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Harvard Forest Symposium Abstract 2019

  • Title: Here's the Dirt: The Newest Recommendations for Garlic Mustard Management
  • Primary Author: Kristina Stinson (University of Massachusetts - Amherst )
  • Additional Authors: Sophie Argetsinger (University of Massachusetts - Amherst ); Erin Coates-Connor (University of Massachusetts - Amherst ); Michelle Jackson (University of Wisconsin-Madison)
  • Abstract:

    Garlic mustard (Alliaria petiolata) is a biennial plant from Eurasia that has rapidly become a problematic invasive species in North America. The formation of dense monocultures enables it to invade forest interiors, threatening native plant community composition. Garlic mustard reduces native plant diversity through direct competition for resources and as well as the chemical suppression of mycorrhizal symbioses that native species depend on. Although individual garlic mustard populations can be self-limiting over time, the species’ total North American range is continuing to expand, and the effects of its disruption on plant and soil communities can last for years. Despite the complex uncertainties of managing this system, thoughtful and targeted removal of garlic mustard is key. This poster, a version of a management pamphlet produced by Kristina Stinson’s lab at UMass Amherst (2018), summarizes methods for the removal of garlic mustard based on the most recent literature and research conducted in our lab. We provide a series of clear tasks that landowners, stakeholders, and managers will find useful regarding the eradication of garlic mustard.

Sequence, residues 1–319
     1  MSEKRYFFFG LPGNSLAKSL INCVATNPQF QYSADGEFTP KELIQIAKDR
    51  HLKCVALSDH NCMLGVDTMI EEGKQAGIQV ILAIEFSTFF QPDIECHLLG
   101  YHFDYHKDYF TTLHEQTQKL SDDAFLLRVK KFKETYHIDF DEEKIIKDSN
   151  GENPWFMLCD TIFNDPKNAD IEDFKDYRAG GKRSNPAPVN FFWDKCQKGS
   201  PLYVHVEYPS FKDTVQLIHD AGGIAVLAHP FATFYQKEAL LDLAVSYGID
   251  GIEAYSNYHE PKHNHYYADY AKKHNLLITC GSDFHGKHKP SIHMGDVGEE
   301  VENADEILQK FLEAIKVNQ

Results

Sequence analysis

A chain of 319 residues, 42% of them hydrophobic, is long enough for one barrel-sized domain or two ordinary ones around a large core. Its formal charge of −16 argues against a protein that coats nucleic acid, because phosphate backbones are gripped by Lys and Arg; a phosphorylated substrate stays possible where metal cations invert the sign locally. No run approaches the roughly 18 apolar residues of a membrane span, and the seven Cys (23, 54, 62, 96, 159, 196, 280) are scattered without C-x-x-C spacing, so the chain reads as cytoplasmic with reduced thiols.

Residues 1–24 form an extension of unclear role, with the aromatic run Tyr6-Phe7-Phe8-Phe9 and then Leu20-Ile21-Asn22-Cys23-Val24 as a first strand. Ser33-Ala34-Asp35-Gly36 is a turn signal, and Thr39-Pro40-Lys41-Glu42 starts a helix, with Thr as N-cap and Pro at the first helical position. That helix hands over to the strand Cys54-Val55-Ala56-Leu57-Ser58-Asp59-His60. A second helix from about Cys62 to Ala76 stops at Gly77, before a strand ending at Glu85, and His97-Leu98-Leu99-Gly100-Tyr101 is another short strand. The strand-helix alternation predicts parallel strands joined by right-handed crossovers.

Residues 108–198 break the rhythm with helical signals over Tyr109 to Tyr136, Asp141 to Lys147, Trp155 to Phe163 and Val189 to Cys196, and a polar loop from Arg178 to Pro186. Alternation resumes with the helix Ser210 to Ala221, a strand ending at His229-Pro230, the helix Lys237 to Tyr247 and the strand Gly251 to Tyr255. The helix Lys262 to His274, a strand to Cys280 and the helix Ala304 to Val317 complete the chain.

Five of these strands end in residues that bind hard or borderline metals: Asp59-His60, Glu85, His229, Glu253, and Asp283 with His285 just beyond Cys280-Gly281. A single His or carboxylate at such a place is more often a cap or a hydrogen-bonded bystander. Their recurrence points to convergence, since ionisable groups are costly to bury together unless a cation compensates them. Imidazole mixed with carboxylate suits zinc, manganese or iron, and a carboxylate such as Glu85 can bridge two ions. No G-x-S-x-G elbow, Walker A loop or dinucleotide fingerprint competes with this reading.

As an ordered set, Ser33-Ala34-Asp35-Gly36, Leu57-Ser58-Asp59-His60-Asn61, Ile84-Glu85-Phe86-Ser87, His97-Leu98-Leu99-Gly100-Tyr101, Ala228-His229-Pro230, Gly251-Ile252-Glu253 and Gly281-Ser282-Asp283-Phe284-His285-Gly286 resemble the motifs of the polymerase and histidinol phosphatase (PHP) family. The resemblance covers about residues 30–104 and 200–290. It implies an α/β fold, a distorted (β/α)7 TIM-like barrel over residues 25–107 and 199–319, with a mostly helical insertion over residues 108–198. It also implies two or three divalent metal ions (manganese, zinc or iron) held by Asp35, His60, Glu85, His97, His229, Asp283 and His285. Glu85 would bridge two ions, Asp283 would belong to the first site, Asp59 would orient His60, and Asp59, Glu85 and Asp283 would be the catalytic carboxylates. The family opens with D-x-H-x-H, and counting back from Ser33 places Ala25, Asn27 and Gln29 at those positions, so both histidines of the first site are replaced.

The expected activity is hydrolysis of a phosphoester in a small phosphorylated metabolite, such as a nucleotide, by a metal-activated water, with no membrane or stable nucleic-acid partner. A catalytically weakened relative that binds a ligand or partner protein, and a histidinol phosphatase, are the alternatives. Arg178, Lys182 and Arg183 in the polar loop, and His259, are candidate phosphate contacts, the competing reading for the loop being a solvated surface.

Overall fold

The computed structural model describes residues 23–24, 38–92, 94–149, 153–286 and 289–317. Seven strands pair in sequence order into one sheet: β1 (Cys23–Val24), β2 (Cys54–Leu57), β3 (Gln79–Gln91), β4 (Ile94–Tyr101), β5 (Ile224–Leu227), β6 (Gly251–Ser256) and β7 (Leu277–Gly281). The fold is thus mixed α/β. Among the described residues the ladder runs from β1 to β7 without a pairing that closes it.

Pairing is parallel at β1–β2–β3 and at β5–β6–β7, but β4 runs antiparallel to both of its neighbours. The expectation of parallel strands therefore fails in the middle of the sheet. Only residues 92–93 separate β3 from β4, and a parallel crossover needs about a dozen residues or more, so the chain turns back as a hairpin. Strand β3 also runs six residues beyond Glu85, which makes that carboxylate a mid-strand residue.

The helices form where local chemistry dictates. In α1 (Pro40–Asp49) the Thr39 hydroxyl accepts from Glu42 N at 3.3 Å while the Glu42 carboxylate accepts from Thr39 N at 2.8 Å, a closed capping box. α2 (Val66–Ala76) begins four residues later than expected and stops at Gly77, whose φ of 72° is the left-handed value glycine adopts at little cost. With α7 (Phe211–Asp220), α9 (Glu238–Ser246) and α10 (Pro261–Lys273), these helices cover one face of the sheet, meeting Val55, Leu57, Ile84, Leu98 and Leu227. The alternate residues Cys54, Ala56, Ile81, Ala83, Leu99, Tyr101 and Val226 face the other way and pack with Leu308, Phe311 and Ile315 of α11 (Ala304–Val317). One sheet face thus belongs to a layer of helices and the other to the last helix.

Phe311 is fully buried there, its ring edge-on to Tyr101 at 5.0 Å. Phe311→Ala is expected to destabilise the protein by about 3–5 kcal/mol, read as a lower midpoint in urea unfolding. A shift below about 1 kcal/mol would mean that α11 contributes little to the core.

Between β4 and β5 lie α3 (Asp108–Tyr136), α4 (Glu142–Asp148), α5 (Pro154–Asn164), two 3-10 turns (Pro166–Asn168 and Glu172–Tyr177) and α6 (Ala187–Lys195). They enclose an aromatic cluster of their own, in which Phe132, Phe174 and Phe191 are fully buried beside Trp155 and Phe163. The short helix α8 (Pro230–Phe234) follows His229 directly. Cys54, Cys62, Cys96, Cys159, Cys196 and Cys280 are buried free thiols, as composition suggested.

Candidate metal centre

• Research Category: Invasive Plants, Pests & Pathogens